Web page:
An Oklahoma City mother said her home is covered in mold and causing her and her kids to constantly be sick.
Debra Craig lives in public housing and said the property manager won't do anything about it because the mold is "dead."
She estimated 75 to 80 percent of her home is covered in mold. And all she wanted to do was transfer to a different unit, but she said the property manager is making it next to impossible.
Craig said she believes the mold is the cause of the family's chronic health issues.
Last week Craig told the property manager about this issue and they sent a maintenance person to check out the problem.
“The guy looked at some of the mold that was in the hallway and ran his finger across it and told me it was dead,” said Craig.
Craig admitted she's not a mold expert, but believes without any treatment, the mold is definitely not dead.
“I don't know what else to do. I mean, I've asked them to take care of this or to do something about it. You know? They are making it like it's me. It's my fault,” she said.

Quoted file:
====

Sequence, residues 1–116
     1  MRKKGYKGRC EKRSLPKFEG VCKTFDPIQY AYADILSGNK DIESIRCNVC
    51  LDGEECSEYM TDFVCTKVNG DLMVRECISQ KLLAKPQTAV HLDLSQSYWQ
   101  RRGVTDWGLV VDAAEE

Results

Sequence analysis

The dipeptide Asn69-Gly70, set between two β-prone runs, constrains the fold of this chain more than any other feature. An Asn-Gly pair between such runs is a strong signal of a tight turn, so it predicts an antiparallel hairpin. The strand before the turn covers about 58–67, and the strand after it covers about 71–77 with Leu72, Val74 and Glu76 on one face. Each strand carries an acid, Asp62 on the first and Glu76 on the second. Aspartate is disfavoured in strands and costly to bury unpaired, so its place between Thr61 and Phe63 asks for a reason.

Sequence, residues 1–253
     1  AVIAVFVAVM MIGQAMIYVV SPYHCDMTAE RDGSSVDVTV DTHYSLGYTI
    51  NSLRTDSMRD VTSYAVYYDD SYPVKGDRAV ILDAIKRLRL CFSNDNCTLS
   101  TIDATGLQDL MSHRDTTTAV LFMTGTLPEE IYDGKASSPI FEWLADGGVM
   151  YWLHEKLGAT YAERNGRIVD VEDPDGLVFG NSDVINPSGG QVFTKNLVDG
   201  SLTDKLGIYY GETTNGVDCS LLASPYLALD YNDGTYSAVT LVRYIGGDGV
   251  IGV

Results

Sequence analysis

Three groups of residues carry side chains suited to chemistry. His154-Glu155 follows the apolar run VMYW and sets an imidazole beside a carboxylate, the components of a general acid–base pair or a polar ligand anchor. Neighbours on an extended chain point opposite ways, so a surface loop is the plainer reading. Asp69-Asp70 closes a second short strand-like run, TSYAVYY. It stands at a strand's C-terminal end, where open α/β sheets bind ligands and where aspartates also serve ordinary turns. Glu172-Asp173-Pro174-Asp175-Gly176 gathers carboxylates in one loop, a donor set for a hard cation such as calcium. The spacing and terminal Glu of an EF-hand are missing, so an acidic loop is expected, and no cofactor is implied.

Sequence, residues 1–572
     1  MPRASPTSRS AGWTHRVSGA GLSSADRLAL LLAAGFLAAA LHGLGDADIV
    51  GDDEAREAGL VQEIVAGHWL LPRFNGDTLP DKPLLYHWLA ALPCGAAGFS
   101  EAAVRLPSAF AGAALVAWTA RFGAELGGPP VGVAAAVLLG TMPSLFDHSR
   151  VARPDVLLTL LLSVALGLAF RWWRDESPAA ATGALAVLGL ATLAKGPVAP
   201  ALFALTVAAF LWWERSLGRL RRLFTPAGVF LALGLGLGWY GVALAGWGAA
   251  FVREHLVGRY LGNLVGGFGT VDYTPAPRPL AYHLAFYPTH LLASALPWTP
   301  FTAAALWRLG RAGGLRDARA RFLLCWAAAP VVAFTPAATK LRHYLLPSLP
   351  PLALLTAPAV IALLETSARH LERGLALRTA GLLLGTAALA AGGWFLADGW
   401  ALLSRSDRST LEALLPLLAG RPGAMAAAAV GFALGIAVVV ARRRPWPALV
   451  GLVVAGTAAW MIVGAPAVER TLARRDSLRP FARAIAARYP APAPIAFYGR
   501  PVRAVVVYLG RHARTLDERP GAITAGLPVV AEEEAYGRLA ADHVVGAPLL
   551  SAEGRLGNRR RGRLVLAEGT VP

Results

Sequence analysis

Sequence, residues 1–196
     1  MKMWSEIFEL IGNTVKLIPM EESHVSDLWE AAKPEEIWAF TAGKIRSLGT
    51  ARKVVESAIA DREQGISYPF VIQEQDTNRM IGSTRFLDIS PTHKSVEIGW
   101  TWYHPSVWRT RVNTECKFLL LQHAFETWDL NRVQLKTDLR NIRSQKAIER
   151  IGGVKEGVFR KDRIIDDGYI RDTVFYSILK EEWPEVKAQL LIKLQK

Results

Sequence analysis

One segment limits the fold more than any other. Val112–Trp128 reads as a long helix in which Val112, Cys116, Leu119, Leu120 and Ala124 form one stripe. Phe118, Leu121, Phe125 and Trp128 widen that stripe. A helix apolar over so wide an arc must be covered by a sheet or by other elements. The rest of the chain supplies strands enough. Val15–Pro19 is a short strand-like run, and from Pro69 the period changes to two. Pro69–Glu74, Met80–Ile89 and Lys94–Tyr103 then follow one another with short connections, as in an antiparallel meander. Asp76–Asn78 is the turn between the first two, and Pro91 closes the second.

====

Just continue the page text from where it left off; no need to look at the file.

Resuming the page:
Due to the federal holiday, the property management's office was closed when we dropped by to question them about this issue.
“The problem with public housing is the landlord may not be motivated by collecting a rental check. They get paid to run these public apartments or public housing no matter what,” said attorney David Slane.
Slane said landlords are required by Oklahoma law to supply safe and livable homes for tenants.
“If somebody's just not doing their job and leaving a place uninhabitable, cause the law says it has to be habitable, if it's uninhabitable somebody probably needs to be fired,” he said.
Oklahoma law says if you give a written notice of a significant maintenance issue and it's not addressed after two weeks you are allowed to give a 30- day notice to move out without penalty.